'TWAS THE NIGHT BEFORE SCHOOL
’Twas the night before school and all through the house,
Not a child was Minecrafting or using a mouse.
The cell phones were plugged into chargers with care,
In hopes that new updates soon would appear.
The little ones tossed and they turned in their beds,
While visions of textbooks rattled their heads.
And Daddy with his iPad and I with my cell,
Caused the room to illume in a cool fluorescent spell.
When down through the hall, there arose such a clatter,
I sprang from my bed to check on the matter.
Away to the staircase I flew like a light,
Feet skipping some stairs and down the first flight.
The glow from a sitcom beamed from the set,
Lending mass and shape to a group who now fret.
When, what did I see—I’m a tired mom grouch,
But my dog and my children, draped on the couch.
With agility of youth, so lively and quick,
They dispersed like birds, not one could I nick.
More rapid than cheetahs, not one of them lame,
I clapped and I shouted and called them by name.
“Now, Brooke! Now, Matt! Now Zach, and you, Casey!
Come on! Upstairs! Right now! Make it hasty!
To the top of the stairs! Hop in your beds!
Or I’ll give you a punishment each of you dreads!
As dry leaves crumple when stomped by a foot,
Crushed into pieces and all is kaput,
So my children were sorry, sorry to be caught.
Sorry that school was, and summer was not.
And then, in a twinkling, I heard high heel clicks,
The clipping and clopping of Old Mrs. Glicks,
My fifth grade teacher, a woman quite stern,
No extra credit, all points you must earn.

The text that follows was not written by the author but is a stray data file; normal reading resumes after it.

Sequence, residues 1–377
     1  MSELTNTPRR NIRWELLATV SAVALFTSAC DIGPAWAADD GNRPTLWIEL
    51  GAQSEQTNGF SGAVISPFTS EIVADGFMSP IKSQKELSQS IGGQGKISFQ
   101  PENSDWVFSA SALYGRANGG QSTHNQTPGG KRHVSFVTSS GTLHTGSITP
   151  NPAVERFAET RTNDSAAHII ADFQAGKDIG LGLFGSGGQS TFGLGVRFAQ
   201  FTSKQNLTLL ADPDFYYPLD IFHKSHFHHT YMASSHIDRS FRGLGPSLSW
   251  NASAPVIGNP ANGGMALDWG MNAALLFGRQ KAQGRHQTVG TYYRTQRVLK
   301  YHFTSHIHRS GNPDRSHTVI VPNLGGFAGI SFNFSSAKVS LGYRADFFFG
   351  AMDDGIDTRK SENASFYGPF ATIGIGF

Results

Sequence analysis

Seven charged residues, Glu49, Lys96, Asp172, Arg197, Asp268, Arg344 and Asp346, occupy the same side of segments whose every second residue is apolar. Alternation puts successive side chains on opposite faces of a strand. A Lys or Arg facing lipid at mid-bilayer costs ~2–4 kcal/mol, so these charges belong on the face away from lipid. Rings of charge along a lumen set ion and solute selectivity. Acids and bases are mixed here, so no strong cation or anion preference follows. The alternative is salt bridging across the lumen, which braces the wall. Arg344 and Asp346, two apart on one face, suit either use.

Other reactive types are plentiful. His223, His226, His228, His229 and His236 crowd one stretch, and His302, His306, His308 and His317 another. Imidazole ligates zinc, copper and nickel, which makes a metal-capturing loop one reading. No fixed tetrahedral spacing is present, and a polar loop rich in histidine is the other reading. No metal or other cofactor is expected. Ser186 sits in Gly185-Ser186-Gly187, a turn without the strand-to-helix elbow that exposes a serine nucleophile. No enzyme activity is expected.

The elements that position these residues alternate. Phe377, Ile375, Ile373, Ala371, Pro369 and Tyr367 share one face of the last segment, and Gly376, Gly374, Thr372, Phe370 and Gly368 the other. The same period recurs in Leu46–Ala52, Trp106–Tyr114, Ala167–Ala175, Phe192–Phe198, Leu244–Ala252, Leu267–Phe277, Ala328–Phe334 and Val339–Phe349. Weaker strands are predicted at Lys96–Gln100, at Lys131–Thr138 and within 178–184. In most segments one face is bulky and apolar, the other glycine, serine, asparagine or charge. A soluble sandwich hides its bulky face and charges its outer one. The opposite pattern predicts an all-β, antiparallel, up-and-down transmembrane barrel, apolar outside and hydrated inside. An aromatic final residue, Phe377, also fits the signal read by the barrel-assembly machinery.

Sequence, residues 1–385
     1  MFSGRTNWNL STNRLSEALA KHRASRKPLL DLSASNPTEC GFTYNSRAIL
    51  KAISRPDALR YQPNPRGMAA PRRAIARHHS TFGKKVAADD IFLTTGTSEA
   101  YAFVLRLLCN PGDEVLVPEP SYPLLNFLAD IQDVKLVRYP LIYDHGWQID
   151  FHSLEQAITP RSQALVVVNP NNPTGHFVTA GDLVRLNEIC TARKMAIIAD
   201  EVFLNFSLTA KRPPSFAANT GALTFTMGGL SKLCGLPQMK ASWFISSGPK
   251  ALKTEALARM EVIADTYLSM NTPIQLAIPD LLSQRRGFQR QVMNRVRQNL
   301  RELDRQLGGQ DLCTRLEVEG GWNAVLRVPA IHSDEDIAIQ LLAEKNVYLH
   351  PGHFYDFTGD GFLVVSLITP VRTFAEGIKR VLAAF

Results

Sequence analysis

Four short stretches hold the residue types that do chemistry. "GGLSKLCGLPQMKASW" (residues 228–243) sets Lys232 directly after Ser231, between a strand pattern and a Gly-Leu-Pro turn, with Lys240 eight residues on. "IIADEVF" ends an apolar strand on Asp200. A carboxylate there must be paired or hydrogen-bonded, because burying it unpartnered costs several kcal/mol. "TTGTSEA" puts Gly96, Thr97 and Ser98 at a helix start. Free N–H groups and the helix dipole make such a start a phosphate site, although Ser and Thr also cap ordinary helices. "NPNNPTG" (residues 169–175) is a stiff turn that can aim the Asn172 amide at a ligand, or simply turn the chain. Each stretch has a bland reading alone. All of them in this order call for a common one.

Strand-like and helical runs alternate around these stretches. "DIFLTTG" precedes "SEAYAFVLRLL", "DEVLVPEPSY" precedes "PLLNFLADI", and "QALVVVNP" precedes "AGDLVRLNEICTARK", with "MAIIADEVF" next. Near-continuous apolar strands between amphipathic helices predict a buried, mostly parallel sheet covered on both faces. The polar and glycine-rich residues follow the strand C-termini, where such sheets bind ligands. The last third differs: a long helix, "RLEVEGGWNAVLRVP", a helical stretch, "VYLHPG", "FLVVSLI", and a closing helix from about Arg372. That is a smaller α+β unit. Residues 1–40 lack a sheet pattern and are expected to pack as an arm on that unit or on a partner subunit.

She was dressed all in black, from permed hair to gnarled toe,
Even her girdle made the unsightly not show.
A bundle of papers she crooked in her arm,
Red marks and Xs, I saw my name in alarm.
Her eyes how they pierced! Her lines were so deep!
Her cheeks were like stone; her nose was a beak!
Her tight wrinkled lips were pursed in reproof,
But the whisker on her chin stood tall and aloof.
The cap of a pen she held tight in her teeth,
Ready to grade and make children weep.
She had a thin face and veined, ropey hands,
That looked like two claws, getting ready to land.
She was skinny and knotty, a right spiteful marm,
And I shuddered when I saw her and said, “No, no—oh darn!”
A slit of her eye and a twist of her head,
Jolted my heart and turned me to lead.
She spoke not a word but went straight to her work,
Marking up papers and going berserk,
And sliding her pen on top of her ear,
And giving a nod, she then disappeared!
My body deflated, to my kids I did go,
To give them a cuddle, and tell them I know:
School can be scary and some teachers mean,
But when you come home, I’ll give you ice cream!